The Charter of the French language and its regulations govern the consultation of English‑language content.

Réserve faunique des Laurentides

Lac Jacques-Cartier: restrictions regarding access to the lake Details

Modification of the catch and keep limit (brook trout and arctic char)

Please note that the Ministère de l'Environnement, de la Lutte contre les changements climatiques, de la Faune et des Parcs du Québec (MELCCFP) is reducing the catch and keep limit from 15 to 10 brook trout (including a maximum of 2 arctic char) for fishing activities. This measure applies as of the 2024 season and is intended to protect brook trout and arctic char populations. For more information about this new regulation, consult the MELCCFP website (in French only).



The reserve is named after the lofty Laurentian Highlands. Several mountains rise to 1,000 m in altitude.

From Park to Wildlife Reserve

Parc des Laurentides was created in 1895 as a forest reserve and as a recreational area for the public. Its original surface area was 6,480 km2. Later, the park was expanded to 9,663 km2. In 1981, most of its territory (7,861 km2) was made a wildlife reserve in order to protect wildlife by controlling hunting and fishing and to protect the forest from overlogging. Parc de la Jacques-Cartier and Parc des Grands-Jardins were notably established on the rest of the territory.


The highway from Québec City to Saguenay-Lac-Saint-Jean runs through the centre of the wildlife reserve. It approximately follows the old Jesuit trail of the 17th century and Chemin des Poteaux of the early 20th century. L'Étape is 95 km north of Québec City on the western shore of Lac Jacques-Cartier and is the last remaining roadside stop of its kind on the highway. The first roadside stop was built at this location in 1869. It was only a log cabin with an oven for making bread. Before 1870, the road was poorly suited for driving and often even dangerous. Several shelters had been built along the way, 12 to 20 km apart, with the construction of the road and with logging operations. They took in travellers who generally journeyed on foot. Later, during the interwar period, L'Étape marked the end of the improved highway. At that time, a forest protection station was in operation. With the completion of Boulevard Talbot in 1951, the Québec government erected a hotel complex at this location. Among other services, it provided accommodations, meal services, a gas station, and hunting and fishing services. The buildings are now gone, but a gas station and restaurant maintain the purpose of this location.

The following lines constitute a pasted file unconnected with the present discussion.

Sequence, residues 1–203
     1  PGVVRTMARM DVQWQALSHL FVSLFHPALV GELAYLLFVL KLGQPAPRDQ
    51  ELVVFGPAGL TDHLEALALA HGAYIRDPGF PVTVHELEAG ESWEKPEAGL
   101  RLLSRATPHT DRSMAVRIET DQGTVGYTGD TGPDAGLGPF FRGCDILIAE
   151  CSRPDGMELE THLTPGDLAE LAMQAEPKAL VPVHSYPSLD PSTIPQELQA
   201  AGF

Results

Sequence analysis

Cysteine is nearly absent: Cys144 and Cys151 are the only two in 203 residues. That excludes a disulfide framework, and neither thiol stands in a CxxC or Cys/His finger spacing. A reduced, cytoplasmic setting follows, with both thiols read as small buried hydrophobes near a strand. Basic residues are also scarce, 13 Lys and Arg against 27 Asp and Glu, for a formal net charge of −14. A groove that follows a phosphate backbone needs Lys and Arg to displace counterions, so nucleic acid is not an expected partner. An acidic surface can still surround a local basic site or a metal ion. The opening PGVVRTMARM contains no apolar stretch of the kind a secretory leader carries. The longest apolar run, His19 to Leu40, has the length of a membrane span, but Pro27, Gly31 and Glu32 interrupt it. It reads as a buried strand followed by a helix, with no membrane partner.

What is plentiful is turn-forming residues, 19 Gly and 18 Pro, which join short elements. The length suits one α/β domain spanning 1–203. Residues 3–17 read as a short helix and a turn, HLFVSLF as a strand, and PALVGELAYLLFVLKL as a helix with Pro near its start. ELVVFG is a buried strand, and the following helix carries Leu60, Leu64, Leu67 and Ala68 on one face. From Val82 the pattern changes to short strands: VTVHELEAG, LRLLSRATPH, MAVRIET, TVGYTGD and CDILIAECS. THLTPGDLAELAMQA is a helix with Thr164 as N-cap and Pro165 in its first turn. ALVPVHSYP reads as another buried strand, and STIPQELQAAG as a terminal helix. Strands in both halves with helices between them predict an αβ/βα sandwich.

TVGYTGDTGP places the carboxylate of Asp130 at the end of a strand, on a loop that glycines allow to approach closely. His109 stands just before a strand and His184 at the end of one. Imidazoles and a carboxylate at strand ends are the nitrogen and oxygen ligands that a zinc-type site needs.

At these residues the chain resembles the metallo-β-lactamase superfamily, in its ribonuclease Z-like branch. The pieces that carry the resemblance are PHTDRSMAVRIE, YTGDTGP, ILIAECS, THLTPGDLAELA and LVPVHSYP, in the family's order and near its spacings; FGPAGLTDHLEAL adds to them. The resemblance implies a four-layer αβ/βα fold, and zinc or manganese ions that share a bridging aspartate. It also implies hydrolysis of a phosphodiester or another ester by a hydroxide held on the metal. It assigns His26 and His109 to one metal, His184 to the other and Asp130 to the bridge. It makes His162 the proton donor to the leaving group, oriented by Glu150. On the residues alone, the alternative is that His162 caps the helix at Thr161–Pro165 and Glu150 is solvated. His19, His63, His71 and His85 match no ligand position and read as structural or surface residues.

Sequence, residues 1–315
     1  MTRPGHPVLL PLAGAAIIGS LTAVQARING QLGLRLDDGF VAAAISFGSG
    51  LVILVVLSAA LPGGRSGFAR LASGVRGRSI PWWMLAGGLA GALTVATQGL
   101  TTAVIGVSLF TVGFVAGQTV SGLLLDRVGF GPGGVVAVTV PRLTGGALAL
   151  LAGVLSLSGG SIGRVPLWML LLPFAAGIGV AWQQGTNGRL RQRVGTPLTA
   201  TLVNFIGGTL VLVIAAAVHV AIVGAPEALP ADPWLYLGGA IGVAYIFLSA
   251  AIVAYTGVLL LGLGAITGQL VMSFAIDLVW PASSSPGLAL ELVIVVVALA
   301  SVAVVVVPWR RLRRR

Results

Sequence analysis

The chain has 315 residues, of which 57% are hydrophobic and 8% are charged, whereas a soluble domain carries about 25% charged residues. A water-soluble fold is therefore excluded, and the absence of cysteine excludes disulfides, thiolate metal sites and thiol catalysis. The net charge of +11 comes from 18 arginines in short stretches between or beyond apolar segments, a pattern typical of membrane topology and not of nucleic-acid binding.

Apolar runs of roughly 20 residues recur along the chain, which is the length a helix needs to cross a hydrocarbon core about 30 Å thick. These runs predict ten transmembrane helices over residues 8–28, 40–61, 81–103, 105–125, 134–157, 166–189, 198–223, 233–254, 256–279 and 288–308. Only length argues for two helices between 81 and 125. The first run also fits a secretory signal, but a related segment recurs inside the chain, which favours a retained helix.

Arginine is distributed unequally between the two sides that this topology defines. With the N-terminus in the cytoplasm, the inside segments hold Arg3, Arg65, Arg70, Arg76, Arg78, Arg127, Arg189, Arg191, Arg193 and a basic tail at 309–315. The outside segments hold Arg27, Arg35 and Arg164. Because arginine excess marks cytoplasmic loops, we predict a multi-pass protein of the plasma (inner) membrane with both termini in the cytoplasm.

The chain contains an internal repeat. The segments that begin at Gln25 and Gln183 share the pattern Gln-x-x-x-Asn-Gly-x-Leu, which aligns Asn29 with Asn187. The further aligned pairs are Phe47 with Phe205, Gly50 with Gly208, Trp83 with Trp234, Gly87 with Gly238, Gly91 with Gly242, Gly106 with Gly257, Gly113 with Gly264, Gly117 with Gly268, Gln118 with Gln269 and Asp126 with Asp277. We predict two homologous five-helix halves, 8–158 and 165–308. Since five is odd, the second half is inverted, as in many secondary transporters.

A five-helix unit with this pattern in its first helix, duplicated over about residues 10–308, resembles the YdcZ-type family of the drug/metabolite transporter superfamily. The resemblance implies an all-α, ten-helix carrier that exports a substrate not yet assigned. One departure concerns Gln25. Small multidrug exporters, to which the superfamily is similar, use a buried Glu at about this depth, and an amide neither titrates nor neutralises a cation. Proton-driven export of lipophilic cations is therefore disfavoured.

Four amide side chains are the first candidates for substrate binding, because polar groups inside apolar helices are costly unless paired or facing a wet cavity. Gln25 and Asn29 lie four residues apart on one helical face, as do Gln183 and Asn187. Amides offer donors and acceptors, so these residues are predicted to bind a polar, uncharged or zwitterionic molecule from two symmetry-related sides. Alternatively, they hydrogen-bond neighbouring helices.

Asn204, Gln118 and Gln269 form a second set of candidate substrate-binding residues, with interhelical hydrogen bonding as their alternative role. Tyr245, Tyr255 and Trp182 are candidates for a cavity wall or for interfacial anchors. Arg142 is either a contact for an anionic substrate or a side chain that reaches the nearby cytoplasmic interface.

Portes de l'Enfer Lodge

You have to go back to the 14th century to find the origin of the word porte. It comes from the Latin porta, which meant a narrow passage, gap, or pass through the mountains. In Réserve faunique des Laurentides, the Portes de l'Enfer valley is the one through which Rivière Pikauba flows 12 km north of Lac Jacques-Cartier and 4.5 km west of Route 175. It's lined with mountains, some of which rise to over 1,000 m in altitude. In 1865, a pioneering road, useable only in winter, was opened to Lac- Saint-Jean. The local topography and the harsh climate inspired the name Portes de l'Enfer (gates of hell). Travellers had to face a hellish mix of snow, ice, and wind! Isn't it ironic that this name now refers to the cosiest place on the wildlife reserve-a warm lodge and snug cabins where anglers and hunters relax in comfort that travellers of yesteryear could not even imagine?


The wildlife reserve is a huge reserve of fresh water. It is sprinkled with hundreds of lakes, with Lac Jacques-Cartier (12 km²) being the largest. This labyrinth of hills and valleys is drained by the major tributaries of the St. Lawrence. The Saguenay receives the waters of the Métabetchouane, Chicoutimi, and à Mars rivers. The Batiscan, Jacques-Cartier, Montmorency, and Sainte-Anne rivers directly flow into the St. Lawrence.

Be sure to experience:

  • the exceptional quality of fishing during the entire season
  • Portes-de-l'Enfer Lodge
  • Camp Giroux where Winston Churchill stayed
  • canoe-camping on the Métabetchouane
  • Grand lac Jacques-Cartier-the source of the river of the same name.

Fact Sheet


7,861 km2

Bodies of water

Over 2,000 lakes and rivers


  • Arctic char
  • Speckled trout
  • Lake trout


Several mammal species, including

  • Caribou
  • Beaver
  • Snowshoe hare
  • Wolf
  • Lynx
  • Moose
  • Black bear
  • Fox


A wide variety of birds nest or live near bodies of water, including

  • Ruffed Grouse
  • Spruce Grouse
  • Common Loon
  • Heron

Forest cover

The mountains rise as high as 1,219 m. Forests are mainly coniferous or balsam fir - white birch

Be Informed

Sign up for Sépaq emails to be the first to find out about our promotions, news and special offers.

Sign Up